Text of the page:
Can you see the bird in the image above? I certainly couldn’t for quite a while. That might be because this bird is particularly good at finding where to conceal itself.
A new study, published in Nature Ecology and Evolution, suggests just that. Scientists from the University of Exeter and University of Cambridge say that some animals that rely on camouflage are pretty good at finding the best place to hide.
The bird above is a nightjar, but this study also investigated plovers and coursers. According to the specific patterns and colors of each, they seemed to adjust their choices of where to nest.
"Each individual bird looks a little bit different, and we have shown that they can act individually," said project co-leader Professor Martin Stevens from the University of Exeter in a statement.
"Individual birds consistently sit in places that enhance their own unique markings, both within a habitat, and at a fine scale with regards to specific background sites."
The study was carried out in Zambia. However, while this trait of finding similar backgrounds was discovered, the researchers noted they weren’t exactly sure how individuals chose their particular spot.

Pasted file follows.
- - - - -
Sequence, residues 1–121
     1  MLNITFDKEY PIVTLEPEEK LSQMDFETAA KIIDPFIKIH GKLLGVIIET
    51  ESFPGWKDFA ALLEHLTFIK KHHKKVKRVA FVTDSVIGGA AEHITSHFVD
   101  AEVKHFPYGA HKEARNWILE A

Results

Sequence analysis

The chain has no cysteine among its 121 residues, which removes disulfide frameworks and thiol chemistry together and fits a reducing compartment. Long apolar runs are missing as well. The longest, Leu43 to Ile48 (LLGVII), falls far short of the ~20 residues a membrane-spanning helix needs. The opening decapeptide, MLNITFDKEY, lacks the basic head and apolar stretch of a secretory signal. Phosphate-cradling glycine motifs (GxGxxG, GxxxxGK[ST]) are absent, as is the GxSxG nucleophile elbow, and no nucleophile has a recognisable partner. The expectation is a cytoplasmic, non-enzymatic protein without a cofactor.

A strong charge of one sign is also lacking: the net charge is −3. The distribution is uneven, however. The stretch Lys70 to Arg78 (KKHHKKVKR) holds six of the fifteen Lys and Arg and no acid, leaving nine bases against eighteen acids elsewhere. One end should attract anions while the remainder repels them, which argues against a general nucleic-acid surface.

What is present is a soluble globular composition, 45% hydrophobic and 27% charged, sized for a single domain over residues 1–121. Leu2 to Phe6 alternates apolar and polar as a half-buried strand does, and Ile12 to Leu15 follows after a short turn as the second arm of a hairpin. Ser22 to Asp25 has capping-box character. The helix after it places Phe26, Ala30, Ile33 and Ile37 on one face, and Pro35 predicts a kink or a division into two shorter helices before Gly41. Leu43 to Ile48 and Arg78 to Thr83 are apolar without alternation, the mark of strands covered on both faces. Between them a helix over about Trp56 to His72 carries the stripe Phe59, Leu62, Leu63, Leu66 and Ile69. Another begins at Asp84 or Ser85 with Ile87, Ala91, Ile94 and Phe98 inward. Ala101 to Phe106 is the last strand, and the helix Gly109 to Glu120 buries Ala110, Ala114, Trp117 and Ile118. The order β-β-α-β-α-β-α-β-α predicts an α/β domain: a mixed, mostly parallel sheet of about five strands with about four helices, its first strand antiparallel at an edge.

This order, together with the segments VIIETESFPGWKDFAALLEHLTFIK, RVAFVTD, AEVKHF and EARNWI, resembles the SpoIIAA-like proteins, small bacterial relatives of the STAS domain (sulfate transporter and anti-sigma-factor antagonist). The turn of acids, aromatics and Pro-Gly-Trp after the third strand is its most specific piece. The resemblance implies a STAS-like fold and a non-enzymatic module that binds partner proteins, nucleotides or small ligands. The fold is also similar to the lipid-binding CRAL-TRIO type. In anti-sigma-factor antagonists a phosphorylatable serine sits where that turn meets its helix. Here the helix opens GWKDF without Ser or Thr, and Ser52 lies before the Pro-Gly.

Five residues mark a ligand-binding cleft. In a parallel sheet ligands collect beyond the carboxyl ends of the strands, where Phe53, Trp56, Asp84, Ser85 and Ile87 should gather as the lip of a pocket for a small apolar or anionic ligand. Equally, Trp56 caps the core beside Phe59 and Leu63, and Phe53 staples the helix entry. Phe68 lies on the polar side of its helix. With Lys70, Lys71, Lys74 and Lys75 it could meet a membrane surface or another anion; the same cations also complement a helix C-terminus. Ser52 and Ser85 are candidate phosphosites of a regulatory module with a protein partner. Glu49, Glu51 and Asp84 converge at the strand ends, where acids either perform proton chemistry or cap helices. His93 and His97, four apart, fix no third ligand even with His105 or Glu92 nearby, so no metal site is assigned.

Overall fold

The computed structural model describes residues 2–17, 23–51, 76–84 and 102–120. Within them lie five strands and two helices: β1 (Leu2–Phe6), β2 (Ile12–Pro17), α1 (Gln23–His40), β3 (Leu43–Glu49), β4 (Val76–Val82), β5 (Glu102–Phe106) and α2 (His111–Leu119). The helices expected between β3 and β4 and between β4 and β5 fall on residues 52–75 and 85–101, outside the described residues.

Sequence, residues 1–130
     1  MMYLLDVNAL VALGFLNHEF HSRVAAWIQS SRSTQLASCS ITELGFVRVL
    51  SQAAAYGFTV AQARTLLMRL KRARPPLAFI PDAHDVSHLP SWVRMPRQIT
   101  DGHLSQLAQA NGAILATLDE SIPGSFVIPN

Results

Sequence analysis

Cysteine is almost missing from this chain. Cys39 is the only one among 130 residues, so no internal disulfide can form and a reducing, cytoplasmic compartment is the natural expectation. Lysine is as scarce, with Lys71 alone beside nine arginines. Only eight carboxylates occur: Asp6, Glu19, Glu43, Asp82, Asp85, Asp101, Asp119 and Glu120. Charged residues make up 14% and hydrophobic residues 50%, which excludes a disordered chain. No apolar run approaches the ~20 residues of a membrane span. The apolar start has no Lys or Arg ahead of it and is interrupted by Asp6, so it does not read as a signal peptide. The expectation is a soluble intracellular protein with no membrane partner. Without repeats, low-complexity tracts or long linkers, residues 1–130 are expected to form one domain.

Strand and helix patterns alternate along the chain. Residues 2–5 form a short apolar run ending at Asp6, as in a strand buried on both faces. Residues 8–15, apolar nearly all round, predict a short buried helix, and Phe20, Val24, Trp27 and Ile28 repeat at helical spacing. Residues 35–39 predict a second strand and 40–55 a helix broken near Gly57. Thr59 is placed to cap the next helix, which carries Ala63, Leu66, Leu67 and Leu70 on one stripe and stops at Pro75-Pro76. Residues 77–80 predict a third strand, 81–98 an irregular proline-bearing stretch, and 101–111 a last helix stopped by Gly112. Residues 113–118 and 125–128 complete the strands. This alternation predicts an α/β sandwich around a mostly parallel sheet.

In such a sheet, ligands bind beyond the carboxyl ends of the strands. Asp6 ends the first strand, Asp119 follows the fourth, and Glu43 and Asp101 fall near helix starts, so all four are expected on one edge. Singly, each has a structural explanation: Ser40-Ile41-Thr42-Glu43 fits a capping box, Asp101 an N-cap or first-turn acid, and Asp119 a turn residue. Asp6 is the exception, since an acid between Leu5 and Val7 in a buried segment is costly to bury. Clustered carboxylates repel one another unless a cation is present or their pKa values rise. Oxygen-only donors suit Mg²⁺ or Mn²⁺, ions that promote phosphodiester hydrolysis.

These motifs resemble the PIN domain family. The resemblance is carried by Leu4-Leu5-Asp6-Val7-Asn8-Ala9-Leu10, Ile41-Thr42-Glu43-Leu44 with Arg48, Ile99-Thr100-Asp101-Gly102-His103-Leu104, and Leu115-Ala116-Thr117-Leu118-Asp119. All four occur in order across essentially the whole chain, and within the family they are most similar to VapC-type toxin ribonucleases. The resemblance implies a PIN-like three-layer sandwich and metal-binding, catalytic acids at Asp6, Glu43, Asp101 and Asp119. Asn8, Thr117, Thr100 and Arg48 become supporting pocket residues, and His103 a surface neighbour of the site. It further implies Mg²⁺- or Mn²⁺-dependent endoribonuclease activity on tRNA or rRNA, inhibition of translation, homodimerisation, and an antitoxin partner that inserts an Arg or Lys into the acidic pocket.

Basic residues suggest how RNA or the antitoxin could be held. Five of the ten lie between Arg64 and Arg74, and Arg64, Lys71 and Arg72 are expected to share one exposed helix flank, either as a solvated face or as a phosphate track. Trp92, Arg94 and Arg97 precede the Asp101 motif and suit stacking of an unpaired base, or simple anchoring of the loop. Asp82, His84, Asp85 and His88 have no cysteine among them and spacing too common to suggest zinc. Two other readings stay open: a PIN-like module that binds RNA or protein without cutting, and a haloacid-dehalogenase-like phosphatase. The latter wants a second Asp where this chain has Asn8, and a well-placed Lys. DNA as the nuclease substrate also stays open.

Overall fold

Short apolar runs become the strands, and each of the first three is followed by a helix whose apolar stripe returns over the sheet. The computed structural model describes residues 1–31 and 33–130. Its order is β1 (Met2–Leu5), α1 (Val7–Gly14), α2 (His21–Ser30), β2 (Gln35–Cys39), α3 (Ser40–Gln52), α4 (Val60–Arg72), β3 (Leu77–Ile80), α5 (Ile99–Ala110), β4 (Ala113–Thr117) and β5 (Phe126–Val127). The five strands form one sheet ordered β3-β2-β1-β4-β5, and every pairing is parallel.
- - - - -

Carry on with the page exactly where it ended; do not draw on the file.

It may be they know what they look like, or they may simply learn over time which locations protect their eggs best from predators. This would then correlate with the locations where they are most camouflaged.
"We tend to think about camouflage as something that involves gradual evolutionary change in appearance – we don't often think of it as a matter of individual animal behaviour,” added project co-leader Professor Claire Spottiswood from the University of Cambridge. “This research helps us understand how behaviour and appearance are linked.”
This particular tactic is known as mimicry, and it has been seen in other animals before. For example, the walking stick and walking leaf insects, as their names suggest, are particularly good at matching bits of shrubbery. Others, like deer and squirrels, more passively attempt background matching by simply being earth-toned in coloration.
But it wasn’t clear before that birds like nightjars actively looked for spots where they wouldn’t be seen. Now it seems that, knowingly or unknowingly, they actually do. And that’s pretty neat.
Oh and by the way, both of the birds in the images above are hiding near the middle. If you hadn't spotted them yet.